Figure 2

Ratio of non-radiographic axial spondyloarthritis (nr-axSpA) to ankylosing spondylitis (AS) among patients who were referred because of back pain and who were diagnosed with definite axial SpA.

The mean CRP value was significantly (p=0.001) higher in the AS group (1.67±4.18 mg/l) compared to the nr-axSpA group (0.96±2.84 mg/l). This tendency for a higher CRP in the AS group versus the nr-axSpA group, respectively, was similar for all six groups, however, this difference was not always significant due to a smaller sample size: ≤1 year: 4.33 versus 1.71 mg/l (p=0.015), >1–≤3 years: 1.25 versus 0.48 mg/l (p=0.093), >3–≤6 years: 1.52 versus 0.90 mg/l (p=0.53), >6 years–≤9 years: 2.24 versus 0.40 mg/l (p=0.011), >9 years–≤12 years: 0.97 versus 0.55 mg/l (p=0.17), >12 years: 0.91 versus 0.53 mg/l (p=0.52).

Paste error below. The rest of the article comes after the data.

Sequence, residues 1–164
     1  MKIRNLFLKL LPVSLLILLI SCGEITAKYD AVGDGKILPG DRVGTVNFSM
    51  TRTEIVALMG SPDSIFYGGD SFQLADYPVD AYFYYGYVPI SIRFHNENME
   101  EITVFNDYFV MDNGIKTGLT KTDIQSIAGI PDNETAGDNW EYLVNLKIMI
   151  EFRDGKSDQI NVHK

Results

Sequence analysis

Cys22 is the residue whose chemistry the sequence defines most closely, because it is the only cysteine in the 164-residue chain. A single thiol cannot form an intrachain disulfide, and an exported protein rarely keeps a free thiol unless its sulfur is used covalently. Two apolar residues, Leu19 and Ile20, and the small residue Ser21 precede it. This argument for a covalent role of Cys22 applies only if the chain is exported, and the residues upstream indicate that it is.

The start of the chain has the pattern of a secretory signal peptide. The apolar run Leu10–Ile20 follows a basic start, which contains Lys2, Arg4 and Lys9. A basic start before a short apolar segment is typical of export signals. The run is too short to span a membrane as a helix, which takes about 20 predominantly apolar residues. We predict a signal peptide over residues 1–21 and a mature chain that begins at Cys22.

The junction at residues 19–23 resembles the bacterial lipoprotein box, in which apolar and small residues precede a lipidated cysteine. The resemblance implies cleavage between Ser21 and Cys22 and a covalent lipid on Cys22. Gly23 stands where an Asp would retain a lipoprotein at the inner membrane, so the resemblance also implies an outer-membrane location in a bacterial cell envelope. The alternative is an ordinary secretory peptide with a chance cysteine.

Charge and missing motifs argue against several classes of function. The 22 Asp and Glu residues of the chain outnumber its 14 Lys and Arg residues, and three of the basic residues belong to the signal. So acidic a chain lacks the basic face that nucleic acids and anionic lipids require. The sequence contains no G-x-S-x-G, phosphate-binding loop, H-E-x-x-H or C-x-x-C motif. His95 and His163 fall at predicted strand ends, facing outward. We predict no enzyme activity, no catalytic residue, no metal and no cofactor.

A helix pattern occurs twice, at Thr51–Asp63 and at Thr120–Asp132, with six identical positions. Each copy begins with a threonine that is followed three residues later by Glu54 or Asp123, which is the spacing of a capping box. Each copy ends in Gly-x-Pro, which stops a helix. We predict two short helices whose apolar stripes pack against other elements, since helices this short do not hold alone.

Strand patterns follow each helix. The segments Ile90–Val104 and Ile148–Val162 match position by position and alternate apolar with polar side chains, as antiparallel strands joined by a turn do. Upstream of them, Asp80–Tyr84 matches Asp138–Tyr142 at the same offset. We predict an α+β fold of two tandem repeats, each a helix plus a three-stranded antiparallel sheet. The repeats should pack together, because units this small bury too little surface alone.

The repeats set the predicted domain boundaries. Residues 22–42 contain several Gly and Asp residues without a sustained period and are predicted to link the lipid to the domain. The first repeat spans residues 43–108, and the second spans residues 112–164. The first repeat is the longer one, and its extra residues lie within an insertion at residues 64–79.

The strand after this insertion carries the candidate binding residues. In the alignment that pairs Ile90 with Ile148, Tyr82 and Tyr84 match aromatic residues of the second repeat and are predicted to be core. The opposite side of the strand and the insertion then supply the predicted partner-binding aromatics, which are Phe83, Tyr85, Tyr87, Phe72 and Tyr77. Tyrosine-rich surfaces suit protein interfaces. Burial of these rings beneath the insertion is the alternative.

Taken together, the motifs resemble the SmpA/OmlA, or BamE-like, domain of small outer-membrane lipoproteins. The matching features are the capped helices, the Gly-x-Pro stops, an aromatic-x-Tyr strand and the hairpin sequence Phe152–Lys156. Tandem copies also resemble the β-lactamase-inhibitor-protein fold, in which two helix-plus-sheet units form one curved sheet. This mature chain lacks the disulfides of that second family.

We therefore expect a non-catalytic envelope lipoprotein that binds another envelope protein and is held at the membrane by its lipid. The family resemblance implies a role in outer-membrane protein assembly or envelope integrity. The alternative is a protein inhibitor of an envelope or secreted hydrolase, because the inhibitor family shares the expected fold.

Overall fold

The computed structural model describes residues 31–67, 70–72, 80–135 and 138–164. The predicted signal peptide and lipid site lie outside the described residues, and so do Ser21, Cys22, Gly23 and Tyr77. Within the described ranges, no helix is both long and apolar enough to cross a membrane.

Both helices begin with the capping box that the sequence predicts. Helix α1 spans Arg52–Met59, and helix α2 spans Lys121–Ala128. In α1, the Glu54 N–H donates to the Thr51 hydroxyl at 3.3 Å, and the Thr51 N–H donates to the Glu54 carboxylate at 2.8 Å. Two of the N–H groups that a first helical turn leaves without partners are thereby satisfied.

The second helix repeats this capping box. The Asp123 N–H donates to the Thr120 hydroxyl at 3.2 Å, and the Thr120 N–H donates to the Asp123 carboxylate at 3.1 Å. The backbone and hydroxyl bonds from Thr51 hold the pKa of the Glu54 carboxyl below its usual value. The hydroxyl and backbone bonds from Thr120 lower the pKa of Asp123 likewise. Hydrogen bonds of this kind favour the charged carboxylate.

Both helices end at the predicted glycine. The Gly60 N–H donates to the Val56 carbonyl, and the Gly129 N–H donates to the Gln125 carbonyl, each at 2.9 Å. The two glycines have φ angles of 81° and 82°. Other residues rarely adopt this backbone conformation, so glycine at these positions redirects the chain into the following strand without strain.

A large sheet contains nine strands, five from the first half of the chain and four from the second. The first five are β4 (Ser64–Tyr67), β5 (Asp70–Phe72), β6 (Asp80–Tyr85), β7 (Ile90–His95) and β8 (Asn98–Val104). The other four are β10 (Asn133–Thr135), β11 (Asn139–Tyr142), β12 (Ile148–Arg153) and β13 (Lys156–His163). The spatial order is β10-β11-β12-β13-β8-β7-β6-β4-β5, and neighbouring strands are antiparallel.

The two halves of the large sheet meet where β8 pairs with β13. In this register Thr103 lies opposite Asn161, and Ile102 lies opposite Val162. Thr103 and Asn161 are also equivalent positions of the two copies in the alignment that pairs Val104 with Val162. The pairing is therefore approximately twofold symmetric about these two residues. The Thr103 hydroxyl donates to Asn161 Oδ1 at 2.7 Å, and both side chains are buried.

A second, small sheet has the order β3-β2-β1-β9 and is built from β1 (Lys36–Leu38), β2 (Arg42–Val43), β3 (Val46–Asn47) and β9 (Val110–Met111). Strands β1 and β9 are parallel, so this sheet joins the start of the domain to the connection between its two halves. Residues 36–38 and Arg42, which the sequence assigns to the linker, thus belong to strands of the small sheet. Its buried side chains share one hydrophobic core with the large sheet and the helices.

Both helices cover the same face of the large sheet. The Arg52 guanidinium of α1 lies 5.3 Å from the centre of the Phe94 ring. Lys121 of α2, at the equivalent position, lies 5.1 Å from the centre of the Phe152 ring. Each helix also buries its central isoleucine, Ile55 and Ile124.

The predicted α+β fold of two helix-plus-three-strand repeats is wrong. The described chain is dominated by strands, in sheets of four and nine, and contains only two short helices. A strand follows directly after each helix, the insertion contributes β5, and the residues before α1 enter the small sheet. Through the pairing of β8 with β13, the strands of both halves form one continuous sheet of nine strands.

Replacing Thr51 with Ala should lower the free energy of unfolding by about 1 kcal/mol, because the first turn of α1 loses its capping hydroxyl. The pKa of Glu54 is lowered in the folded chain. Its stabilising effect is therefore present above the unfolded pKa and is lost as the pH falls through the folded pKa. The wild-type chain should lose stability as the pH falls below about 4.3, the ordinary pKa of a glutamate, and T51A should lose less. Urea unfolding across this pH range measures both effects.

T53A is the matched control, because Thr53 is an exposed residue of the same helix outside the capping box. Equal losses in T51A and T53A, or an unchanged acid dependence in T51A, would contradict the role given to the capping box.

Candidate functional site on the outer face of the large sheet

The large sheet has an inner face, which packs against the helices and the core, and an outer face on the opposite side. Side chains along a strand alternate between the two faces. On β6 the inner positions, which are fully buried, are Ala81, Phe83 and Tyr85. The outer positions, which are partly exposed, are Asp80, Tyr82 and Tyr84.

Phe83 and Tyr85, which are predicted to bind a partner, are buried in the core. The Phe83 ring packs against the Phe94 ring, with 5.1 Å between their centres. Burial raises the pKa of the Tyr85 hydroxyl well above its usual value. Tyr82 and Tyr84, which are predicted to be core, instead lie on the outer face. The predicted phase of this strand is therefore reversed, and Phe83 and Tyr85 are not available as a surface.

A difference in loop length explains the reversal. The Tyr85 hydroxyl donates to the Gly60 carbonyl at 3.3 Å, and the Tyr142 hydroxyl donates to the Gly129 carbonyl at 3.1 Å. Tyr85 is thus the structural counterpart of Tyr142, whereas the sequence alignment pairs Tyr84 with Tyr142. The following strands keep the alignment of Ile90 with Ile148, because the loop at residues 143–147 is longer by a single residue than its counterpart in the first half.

In the current investigation we analysed data from 522 patients who were referred to the rheumatologist because of unclear chronic back pain, in whom definite axSpA was diagnosed in 43.7%. When these data were analysed in more detail in relation to the disease duration at the time point of the diagnosis, we found that the probability of a definite axSpA diagnosis remained nearly constant (about 50%) in patients with duration of the back pain of less than 10 years and decreased substantially in patients with longer duration—figure 2. These results indicate that in patients with a long history of back pain (10 years and more), in whom a definite diagnosis has not been established yet, axSpA is a less likely reason of back pain in comparison to other reasons, such as degenerative spine disease.